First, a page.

No one had seen her go, but we found footprints leading across the stretch of beach onto the dock. She’d left her books and shoes behind.

I stayed away from beaches of any kind for years. My dad would have sold the cabin, but my Gram put her foot down and lived her last years in it out of stubbornness and memory. Eventually my dad gave in, drawn by some strange desire for penance, and retired there. On his death it passed to me along with her books and his papers and our little stretch of beach. My wife loves it, and our children crowd into the loft on holiday weekends. I still won’t let any of them down to the beach alone, and they call it one of my peculiarities.

“But you go by yourself all the time!” my youngest will argue.

“When you’re as old as me, you can do as you like.”

She’ll groan then, and call me ancient and old-fashioned. She’s only seven, and I’m not a person yet.

There are nights when I pace the beach alone, my father’s shadow spread in front of me and the shell from so many years ago clutched firmly in my hand. Its edges have been dulled by age, but if I hold tightly enough it will prick me, leaving welts of red and blue-grey-black along my palm. The mermaid never appears, but I look for her, knowing that just as I was once too young I am now too old and tired to be snatched away. I crouch on the dock, tucking my feet below me on the dry wood and imagine I see her lurking below.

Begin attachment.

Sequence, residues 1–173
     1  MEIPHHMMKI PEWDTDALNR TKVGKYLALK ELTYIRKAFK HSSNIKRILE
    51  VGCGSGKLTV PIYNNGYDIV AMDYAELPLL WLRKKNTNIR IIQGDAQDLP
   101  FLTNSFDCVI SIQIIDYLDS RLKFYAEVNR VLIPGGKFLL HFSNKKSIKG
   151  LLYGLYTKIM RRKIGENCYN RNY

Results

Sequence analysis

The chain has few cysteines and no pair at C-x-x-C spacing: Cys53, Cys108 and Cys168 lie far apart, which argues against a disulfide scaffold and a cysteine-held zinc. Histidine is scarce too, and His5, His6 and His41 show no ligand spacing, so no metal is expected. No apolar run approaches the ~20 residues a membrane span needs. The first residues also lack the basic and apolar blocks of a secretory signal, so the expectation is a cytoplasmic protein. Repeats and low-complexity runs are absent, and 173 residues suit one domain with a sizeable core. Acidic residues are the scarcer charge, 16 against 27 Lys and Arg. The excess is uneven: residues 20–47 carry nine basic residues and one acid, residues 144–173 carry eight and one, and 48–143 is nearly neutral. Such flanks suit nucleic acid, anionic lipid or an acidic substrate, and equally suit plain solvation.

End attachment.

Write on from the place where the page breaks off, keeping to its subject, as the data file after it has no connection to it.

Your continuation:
She wears my face, a cold reflection, lost and young and twisted. Her hair fans about her in the pink-tinged water, and a tail twitches lazily back and forth below.